Upland rice yield as affected by Brachiaria coverage management

Produtividade do arroz de terras altas em função do manejo da cobertura de Brachiaria

Adriano S. Nascente Luís F. Stone Cleber M. Guimarães About the authors

Abstracts

An important point in no-tillage system is the time between cover crop glyphosate desiccation and rice sowing. This study aimed to verify the effect of Brachiaria ruziziensis management time before rice sowing on rice yield and its components. The experiment was conducted under greenhouse conditions and consisted of four types of B. ruziziensis management: with Brachiaria and with herbicide (WBWH), without Brachiaria shoots and with herbicide (NBWH), without Brachiaria shoots and without herbicide (NBNH), and with Brachiaria and without herbicide (WBNH), at four times: 30, 20, 10, and 0 days, preceding the rice sowing. The amount of B. ruziziensis dry matter increased as the management was done closer to the rice sowing date. The WBWH and WBNH managements (this one causes the lowest rice grain yield) must be done 30 days before rice sowing; while NBWH management must be done ten or more days before rice sowing. On the other hand, NBNH management (this one favors the best rice grain yield) can be done until rice sowing day. Despite some reduction in rice yield caused by the B. ruziziensis management, when it was done at the proper time the rice grain yield was similar to the control (without Brachiaria sowing and without herbicide application).

Oryza sativa ; no-tillage system; glyphosate; cover crop


No sistema de plantio direto é importante o tempo entre a dessecação da cobertura com glifosato e a semeadura do arroz. Este estudo objetivou verificar o efeito da época de manejo da Brachiaria ruziziensis antes da semeadura do arroz na produtividade do arroz e seus componentes de produção. O experimento foi conduzido em casa de vegetação, com quatro tipos de manejo da B. ruziziensis: com Brachiaria e com herbicida (CBCH), sem a parte aérea da Brachiaria e com herbicida (SBCH), com Brachiaria e sem herbicida (CBSH) e sem a parte aérea da Brachiaria e sem herbicida (SBSH), em quatro épocas: 30, 20, 10 e 0 dias anteriores à semeadura do arroz. A matéria seca de B. ruziziensis aumentou à medida que o manejo foi realizado próximo à semeadura do arroz. Os manejos CBCH e CBSH (este proporcionou a menor produtividade de arroz) devem ser feitos 30 dias antes da semeadura do arroz; já o manejo SBCH deve ser feito dez ou mais dias antes da semeadura. O manejo SBSH, que proporcionou a maior produtividade de arroz, pode ser feito até o dia da semeadura do arroz. Apesar de alguma redução na produtividade causada pelo manejo da B. ruziziensis, quando ele foi feito no momento adequado a produtividade do arroz foi semelhante ao controle (sem semeadura da Brachiaria e sem herbicida).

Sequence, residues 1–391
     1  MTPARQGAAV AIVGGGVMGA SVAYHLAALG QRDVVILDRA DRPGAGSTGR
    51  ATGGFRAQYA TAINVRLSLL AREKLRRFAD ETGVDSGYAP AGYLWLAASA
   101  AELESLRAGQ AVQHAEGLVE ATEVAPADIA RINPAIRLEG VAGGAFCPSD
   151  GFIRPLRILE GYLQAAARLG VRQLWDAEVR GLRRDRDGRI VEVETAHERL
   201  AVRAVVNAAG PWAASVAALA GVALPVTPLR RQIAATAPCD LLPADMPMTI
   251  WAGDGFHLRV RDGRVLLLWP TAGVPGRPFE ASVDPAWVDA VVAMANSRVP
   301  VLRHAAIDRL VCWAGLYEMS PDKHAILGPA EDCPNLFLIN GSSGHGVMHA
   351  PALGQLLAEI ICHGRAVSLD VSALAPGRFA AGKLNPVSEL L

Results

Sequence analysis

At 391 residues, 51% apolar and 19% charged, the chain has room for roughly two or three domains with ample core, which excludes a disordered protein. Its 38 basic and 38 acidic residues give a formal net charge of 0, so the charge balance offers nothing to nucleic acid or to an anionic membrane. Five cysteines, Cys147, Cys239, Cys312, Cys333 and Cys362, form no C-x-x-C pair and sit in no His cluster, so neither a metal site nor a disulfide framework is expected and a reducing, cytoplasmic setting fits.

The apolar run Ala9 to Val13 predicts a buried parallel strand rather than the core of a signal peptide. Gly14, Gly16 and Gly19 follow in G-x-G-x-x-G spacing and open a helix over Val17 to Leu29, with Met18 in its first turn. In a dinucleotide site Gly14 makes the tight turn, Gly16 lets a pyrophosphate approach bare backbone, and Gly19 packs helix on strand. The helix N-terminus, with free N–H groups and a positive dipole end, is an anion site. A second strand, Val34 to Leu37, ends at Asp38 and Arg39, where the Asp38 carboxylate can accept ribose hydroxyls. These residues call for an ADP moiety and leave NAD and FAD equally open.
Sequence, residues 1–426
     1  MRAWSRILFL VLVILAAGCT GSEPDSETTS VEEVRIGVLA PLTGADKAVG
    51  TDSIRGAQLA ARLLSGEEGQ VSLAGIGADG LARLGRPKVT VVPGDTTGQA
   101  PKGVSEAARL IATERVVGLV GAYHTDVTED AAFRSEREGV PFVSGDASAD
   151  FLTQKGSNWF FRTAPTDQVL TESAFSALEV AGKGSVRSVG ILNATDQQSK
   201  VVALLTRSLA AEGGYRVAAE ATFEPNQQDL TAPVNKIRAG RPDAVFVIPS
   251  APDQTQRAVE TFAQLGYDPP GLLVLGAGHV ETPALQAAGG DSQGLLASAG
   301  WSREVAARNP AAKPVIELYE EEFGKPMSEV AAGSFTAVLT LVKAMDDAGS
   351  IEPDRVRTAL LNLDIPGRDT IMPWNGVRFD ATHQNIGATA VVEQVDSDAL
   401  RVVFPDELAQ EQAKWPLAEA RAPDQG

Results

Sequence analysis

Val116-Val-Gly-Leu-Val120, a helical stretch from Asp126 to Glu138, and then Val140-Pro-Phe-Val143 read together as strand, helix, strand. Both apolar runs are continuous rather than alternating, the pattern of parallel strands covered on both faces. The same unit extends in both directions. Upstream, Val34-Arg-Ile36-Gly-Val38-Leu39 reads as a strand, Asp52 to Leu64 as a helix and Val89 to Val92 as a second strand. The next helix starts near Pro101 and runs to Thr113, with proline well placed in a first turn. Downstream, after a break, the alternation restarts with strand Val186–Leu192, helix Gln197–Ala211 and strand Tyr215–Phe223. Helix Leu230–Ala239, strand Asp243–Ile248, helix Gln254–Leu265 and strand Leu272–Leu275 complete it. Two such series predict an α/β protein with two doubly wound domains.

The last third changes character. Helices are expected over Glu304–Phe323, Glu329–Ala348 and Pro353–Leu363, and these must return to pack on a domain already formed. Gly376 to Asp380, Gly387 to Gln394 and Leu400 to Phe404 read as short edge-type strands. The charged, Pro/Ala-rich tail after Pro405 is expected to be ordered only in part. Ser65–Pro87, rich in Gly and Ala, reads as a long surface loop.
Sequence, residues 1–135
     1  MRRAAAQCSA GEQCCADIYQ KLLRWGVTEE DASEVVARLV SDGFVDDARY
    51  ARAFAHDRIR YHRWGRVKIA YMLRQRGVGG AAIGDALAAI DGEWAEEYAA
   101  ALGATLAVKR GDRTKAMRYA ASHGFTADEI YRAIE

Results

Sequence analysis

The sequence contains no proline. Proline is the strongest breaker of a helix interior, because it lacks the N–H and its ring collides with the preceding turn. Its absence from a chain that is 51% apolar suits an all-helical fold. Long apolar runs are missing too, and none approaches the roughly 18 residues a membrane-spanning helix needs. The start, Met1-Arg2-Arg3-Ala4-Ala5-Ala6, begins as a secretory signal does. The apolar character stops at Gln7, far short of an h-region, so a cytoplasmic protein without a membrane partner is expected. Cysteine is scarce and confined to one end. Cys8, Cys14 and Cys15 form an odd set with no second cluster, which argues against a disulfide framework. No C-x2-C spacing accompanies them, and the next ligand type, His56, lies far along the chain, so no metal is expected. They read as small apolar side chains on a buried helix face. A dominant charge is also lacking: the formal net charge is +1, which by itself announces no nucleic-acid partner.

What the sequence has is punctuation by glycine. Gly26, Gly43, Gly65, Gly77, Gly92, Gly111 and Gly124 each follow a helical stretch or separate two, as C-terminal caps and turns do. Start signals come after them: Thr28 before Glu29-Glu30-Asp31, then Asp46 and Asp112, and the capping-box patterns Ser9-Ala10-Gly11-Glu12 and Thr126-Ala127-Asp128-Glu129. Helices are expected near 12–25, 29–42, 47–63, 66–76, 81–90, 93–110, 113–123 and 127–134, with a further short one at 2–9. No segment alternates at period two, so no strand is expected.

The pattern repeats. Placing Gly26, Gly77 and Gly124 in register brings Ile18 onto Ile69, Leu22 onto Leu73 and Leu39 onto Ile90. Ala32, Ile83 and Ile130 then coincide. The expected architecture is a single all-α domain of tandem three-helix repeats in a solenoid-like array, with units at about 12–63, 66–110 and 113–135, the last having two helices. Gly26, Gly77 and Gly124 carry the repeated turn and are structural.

Oryza sativa ; sistema de plantio direto; glifosato; cultura de cobertura


Introduction

In no-tillage system (NTS) straw on the soil surface is an essential requirement before the deployment of crops (Dabney et al., 2001Dabney, S. M.; Delgado, J. A.; Reeves, D. W. Use of winter cover crops to improve soil and water quality. Communications in Soil Science and Plant Analysis, v.7, p.1221-1250, 2001. http://dx.doi.org/10.1081/CSS-100104110
http://dx.doi.org/10.1081/CSS-100104110...
; Yahuza, 2011Yahuza, I. Review of some methods of calculating intercrop efficiencies with particular reference to the estimates of intercrop benefits in wheat/faba bean system. International Journal of Biosciences, v.1, p.18-30, 2011. ; Nascente et al., 2013aNascente, A. S.; Crusciol, C. A. C.; Cobucci, T. The no-tillage system and cover crops – Alternatives to increase upland rice yield. European Journal of Agronomy, v.45, p.124-131, 2013a. http://dx.doi.org/10.1016/j.eja.2012.09.004
http://dx.doi.org/10.1016/j.eja.2012.09....
). Once the amounts of biomass produced by cash crops are not enough for an adequate ground cover, it is necessary to introduce cover crops to produce the required volume of biomass in the off-season (Crusciol et al., 2012Crusciol, C. A. C.; Mateus, G. P.; Nascente, A. S.; Martins, P. O.; Borghi, E.; Pariz, C. M. An innovative crop-forage intercrop system: Early cycle soybean cultivars and palisadegrass. Agronomy Journal, v.104, p.1085-1095, 2012. http://dx.doi.org/10.2134/agronj2012.0002
http://dx.doi.org/10.2134/agronj2012.000...
; Nascente et al., 2013cNascente, A. S.; Crusciol, C. A. C.; Stone, L. F.; Cobucci, T. Upland rice yield as affected by previous summer crop rotation (soybean or upland rice) and glyphosate management on cover crops. Planta Daninha, v.31, p.147-155, 2013c. http://dx.doi.org/10.1590/S0100-83582013000100016